Auditor Condemns DLNR’s Fiscal Management

Auditor Condemns DLNR's Fiscal Management

Huge Questions Arise as to Suzanne Case's DLNR Missing Funds

The DLNR's history of fiscal mismanagement has been documented time and again by independent audit.  Audits as far back as 2001, right up through January, 2019, indicate that DLNR funds mismanagement is widespread and pernicious.  Because the funds for the harbor system and wider ocean recreation environment are so mismanaged, DLNR Chair, Suzanne Case, and DOBOR Administrator, Ed Underwood, have, as late, been trying to make a case for a convenient out from under their misguided understanding of harbor system debits and revenue, by, once again, charging boaters Statewide, enormous fee increases.

Independent auditor, Les Kondo, in a January, 2019 report, wondered out loud whether state ethics and procurement laws hadn't been violated by DLNR operatives themselves.  When auditors attempted to question operative consultants, the latter refused to cooperate, triggering a subpoena petition. According to auditors quoted in West Hawaii News: Chair Case's DLNR is guilty of "poor oversight, budget shortfalls, inappropriate spending, lapsed funding and the department’s failure to adopt a strategic plan — a requirement of state law since 2006 — to guide the agency and its board in making decisions."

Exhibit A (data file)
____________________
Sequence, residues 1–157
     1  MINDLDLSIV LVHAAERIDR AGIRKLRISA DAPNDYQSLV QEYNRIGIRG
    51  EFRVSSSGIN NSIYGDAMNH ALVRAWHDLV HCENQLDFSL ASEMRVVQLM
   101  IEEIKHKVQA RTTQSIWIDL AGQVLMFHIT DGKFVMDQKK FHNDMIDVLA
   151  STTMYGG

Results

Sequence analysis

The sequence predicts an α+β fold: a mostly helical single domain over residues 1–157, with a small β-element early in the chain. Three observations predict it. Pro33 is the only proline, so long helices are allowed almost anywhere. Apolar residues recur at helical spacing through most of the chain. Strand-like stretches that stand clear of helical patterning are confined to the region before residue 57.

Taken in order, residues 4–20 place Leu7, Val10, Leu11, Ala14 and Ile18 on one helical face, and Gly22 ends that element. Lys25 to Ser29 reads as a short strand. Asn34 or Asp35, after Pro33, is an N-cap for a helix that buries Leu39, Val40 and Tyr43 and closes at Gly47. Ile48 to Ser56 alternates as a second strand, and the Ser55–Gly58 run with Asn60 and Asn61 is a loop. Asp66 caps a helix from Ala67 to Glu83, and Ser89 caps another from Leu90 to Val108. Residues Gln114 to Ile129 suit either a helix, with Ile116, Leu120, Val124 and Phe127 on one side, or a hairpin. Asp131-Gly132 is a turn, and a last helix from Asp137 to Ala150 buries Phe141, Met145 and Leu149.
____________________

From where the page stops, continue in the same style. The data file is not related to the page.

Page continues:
Chair Case has now gone so far as to lie to a Senate Ways and Means committee about why she is asking for an increase in liveaboard fees, on top of the above-mentioned fee demands.  Meanwhile, Underwood has been openly trying to deflect the public away from inquiry and testimony about the poorly-thought-through fee increase idea by lying, and whatever other means possible, none of which being preoccupied by Sunshine law constraints.  Underwood is also being acused of smoke-screening the public while he continues to pursue negotiations with private corporations who would love to get their hands on properties like the Ala  Wai for their own, for profit, money-making schemes.

This public testimony (below), recently submitted to the DLNR in response to their request for public testimony regarding the fee increase proposal (§13-234), discuses the reason why funds mismanagement can lead to unwarranted fee increase burdens on the public:


Public Testimony
From: Bruce B., Honolulu

Subject: Chapter 13-234, Hawaii Administrative Rules

The DLNR's own accounting shows that there is no need for a rate increase at the Ala Wai Small Boat Harbor.  Rather, several underway projects - 800 row and 600 row repairs - need to be completed bringing 70+ additional slips online.  The additional slips will provide mooring revenues and parking revenues.

I have read all the materials I could find regarding the proposed rate increases relative to the Ala Wai Small Boat Harbor.  It's a non-trivial list.  I only learned of the webpage containing said information because another Ala Wai resident pointed it out to me on November 21, 2018

The official notice was taped to the counter at the Harbor office.   Only one of the office staff even knew of this announcement's existence.  Since DLNR sends each tenant a bill every month, how hard would it be to include important information in that mailing?